Cal State plans to drop placement exams in math and English as well as the noncredit remedial courses that more than 25,000 freshmen have been required to take each fall — a radical move away from the way public universities traditionally support students who come to college less prepared than their peers.
In an executive order issued late Wednesday, Chancellor Timothy P. White directed the nation’s largest public university system to revamp its approach to remedial education and assess new freshmen for college readiness and course placement by using high school grades, ACT and SAT scores, previous classroom performance and other measures that administrators say provide a more accurate and comprehensive understanding of students’ knowledge.
Cal State will no longer make those students who may need extra help take the standardized entry-level mathematics (ELM) exam and the English placement test (EPT).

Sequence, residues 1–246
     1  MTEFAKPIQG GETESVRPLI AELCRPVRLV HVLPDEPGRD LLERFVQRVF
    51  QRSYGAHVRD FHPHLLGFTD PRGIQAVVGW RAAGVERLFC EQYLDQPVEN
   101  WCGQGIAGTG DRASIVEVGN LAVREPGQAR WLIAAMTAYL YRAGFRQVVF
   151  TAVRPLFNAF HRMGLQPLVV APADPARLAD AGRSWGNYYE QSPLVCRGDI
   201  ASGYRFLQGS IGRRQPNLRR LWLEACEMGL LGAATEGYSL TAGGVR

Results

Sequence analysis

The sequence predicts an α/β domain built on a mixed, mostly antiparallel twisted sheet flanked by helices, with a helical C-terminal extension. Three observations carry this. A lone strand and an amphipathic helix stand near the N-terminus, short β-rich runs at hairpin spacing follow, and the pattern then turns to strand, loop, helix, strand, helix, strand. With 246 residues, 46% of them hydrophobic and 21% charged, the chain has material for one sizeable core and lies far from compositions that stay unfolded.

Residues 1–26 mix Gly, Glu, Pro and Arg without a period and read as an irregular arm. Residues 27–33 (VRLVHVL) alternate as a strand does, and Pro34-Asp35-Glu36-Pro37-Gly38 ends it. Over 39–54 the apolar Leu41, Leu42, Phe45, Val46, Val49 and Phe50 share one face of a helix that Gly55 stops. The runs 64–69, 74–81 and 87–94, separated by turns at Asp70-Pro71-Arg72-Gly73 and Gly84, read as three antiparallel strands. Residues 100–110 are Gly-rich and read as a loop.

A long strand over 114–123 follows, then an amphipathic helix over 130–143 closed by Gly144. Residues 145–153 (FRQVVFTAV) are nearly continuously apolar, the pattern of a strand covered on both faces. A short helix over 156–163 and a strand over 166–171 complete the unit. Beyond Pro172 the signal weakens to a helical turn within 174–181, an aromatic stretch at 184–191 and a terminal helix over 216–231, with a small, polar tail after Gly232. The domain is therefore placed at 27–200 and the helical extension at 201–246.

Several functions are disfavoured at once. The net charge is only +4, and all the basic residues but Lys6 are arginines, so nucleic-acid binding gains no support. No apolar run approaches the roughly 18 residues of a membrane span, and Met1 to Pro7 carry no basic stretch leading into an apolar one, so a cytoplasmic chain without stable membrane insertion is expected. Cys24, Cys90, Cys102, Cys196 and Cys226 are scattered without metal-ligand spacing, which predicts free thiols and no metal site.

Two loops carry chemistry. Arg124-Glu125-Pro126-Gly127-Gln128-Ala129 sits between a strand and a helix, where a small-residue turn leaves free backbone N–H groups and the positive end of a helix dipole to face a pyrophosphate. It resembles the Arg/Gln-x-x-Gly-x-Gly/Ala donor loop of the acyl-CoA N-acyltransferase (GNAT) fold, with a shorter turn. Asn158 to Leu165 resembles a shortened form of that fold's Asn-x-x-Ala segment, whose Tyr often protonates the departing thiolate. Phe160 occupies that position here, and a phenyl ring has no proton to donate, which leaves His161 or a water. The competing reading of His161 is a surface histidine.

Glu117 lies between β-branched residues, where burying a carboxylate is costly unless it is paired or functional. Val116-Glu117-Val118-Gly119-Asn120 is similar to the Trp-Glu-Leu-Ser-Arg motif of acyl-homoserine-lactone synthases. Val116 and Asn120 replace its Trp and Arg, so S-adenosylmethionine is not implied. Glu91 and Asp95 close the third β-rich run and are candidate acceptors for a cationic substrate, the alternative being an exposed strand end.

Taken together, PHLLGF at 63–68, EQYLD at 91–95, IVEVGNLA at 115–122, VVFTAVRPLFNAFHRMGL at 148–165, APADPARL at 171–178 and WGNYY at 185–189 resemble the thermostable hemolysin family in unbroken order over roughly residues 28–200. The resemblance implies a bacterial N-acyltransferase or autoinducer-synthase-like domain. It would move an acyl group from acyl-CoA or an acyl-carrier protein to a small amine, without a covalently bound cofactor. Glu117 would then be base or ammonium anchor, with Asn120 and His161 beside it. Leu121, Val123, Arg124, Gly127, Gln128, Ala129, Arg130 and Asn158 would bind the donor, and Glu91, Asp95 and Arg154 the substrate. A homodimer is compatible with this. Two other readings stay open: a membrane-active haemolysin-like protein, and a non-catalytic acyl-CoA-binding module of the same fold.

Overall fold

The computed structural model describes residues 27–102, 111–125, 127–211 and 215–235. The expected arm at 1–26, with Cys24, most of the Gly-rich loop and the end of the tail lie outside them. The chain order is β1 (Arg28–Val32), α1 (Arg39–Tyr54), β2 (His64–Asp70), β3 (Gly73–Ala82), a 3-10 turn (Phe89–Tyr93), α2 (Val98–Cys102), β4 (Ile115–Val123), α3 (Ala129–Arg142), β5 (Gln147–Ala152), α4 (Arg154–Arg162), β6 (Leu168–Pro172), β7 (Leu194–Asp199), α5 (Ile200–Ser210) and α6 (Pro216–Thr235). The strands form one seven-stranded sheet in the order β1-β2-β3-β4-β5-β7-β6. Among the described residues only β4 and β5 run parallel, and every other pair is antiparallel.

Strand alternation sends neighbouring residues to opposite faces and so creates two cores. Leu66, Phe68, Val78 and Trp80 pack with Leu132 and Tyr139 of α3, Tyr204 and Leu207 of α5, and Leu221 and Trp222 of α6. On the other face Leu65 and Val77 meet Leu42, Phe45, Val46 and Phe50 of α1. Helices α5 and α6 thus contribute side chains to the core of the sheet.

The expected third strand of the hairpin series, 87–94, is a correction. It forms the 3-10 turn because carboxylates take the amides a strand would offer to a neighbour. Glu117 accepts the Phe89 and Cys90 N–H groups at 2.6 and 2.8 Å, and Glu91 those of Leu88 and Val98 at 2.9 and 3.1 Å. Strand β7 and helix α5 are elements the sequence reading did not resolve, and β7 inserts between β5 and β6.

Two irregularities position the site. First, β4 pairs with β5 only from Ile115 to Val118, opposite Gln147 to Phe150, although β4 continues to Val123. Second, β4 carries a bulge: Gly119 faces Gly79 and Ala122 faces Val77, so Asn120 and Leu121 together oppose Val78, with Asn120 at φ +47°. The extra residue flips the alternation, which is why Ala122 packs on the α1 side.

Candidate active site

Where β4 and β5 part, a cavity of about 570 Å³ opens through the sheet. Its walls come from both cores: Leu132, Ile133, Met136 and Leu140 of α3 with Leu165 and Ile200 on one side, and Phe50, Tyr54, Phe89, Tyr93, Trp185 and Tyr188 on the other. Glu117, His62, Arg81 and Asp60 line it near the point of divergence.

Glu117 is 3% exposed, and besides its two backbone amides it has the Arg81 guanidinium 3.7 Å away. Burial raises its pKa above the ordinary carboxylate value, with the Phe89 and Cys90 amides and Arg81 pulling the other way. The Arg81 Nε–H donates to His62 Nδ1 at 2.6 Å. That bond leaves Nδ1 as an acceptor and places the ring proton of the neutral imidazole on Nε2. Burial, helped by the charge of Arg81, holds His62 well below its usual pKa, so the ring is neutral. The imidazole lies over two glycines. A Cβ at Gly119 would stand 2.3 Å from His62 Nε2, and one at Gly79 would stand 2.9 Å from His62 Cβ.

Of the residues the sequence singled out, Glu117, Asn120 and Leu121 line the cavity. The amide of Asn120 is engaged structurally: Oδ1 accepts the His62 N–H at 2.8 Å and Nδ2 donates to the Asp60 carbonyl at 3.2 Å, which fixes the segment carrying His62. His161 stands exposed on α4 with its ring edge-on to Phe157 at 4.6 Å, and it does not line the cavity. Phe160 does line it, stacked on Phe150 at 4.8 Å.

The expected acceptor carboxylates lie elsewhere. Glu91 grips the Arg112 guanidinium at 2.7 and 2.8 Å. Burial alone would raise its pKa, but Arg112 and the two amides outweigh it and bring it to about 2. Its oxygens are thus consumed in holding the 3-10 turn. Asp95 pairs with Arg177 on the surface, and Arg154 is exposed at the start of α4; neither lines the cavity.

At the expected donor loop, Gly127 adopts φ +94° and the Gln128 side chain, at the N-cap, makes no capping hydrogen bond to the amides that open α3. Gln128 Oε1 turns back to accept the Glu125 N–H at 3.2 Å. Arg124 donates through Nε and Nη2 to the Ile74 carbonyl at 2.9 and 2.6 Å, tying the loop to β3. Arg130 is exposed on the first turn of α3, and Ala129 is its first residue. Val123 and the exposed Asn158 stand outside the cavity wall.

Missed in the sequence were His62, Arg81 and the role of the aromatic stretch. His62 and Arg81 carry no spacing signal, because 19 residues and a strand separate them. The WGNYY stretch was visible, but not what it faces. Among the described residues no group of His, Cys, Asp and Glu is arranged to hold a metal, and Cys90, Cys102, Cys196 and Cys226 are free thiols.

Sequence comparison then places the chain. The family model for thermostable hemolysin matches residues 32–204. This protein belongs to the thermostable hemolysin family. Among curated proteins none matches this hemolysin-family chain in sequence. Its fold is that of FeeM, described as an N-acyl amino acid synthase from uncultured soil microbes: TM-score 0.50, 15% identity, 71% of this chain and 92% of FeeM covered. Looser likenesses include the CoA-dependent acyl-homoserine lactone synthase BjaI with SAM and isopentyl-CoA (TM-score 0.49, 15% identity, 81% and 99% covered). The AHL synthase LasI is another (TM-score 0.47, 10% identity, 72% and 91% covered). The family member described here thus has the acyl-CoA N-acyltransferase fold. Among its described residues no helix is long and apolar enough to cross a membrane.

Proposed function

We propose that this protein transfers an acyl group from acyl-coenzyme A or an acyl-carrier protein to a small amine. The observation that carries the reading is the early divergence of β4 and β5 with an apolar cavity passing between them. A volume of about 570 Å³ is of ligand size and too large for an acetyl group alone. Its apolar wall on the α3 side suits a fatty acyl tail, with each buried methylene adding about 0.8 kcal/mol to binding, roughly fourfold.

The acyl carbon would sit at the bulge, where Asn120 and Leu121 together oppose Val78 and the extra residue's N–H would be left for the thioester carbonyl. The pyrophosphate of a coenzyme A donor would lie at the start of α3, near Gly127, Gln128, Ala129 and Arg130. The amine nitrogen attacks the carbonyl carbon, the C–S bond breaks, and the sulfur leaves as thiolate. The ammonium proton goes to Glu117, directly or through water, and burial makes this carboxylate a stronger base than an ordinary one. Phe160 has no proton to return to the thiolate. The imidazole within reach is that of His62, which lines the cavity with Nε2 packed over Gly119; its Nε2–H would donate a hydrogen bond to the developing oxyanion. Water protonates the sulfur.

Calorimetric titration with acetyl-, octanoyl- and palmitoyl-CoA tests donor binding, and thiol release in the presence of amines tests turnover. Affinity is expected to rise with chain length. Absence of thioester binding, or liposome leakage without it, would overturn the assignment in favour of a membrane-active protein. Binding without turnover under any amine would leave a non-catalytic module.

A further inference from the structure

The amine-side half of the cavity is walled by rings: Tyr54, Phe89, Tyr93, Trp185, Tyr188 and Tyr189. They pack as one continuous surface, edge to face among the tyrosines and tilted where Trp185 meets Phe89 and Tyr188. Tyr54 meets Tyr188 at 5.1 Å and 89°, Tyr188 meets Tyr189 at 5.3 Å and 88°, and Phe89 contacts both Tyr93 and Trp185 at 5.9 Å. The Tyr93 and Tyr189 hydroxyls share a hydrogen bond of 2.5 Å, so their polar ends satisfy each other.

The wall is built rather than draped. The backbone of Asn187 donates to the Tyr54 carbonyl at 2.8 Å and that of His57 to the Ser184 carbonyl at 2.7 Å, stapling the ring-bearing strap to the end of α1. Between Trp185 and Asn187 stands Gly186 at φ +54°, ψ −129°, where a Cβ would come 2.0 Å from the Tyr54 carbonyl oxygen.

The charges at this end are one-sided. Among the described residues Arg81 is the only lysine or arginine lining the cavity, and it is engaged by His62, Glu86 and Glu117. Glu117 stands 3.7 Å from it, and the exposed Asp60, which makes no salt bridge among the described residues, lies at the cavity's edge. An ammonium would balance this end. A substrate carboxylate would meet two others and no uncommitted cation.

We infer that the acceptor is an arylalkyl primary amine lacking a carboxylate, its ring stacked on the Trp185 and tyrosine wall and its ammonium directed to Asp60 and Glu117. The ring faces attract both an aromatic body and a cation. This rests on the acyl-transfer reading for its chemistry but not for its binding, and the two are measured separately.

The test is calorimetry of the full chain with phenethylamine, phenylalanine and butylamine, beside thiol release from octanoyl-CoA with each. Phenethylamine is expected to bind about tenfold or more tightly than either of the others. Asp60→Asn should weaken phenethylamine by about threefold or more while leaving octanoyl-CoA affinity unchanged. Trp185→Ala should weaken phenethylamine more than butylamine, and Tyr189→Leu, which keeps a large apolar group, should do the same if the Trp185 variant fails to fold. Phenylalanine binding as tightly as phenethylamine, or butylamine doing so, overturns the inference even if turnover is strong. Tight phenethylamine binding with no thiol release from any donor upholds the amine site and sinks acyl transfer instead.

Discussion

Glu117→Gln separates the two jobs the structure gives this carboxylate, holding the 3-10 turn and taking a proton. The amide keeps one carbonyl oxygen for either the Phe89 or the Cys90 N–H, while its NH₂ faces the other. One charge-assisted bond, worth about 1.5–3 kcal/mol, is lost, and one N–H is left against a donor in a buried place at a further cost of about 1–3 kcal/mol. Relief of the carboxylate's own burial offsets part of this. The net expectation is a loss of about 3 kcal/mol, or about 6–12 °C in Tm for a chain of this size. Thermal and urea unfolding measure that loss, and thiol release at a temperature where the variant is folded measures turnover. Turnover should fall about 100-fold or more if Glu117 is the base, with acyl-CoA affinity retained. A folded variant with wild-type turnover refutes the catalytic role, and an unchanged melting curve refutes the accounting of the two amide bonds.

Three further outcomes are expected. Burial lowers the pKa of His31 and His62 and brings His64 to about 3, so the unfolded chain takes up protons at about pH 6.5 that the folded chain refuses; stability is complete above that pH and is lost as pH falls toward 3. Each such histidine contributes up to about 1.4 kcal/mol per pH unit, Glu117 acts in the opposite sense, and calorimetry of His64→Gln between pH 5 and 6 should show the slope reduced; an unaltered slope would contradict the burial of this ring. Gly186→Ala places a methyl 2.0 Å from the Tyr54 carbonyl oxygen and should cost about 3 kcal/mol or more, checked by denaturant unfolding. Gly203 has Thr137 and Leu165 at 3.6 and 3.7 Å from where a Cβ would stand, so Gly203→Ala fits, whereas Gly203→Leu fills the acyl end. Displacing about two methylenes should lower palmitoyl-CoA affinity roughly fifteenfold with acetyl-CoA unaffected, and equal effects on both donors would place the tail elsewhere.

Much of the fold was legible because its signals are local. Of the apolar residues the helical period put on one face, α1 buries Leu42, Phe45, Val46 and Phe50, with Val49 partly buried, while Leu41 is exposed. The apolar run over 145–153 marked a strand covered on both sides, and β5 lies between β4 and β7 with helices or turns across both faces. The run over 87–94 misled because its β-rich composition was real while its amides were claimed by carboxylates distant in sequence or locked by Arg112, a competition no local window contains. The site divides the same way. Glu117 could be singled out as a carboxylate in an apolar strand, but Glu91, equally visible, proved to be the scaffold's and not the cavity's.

The new protocol, which will go into effect in fall 2018, “facilitates equitable opportunity for first-year students to succeed through existing and redesigned education models,” White wrote in a memorandum to the system’s 23 campus presidents, who will be responsible for working with faculty to implement the changes. The hope is that these efforts will also help students obtain their degrees sooner — one of the public university system’s priorities. Cal State has committed to doubling its four-year graduation rate, from 19% to 40%, by 2025.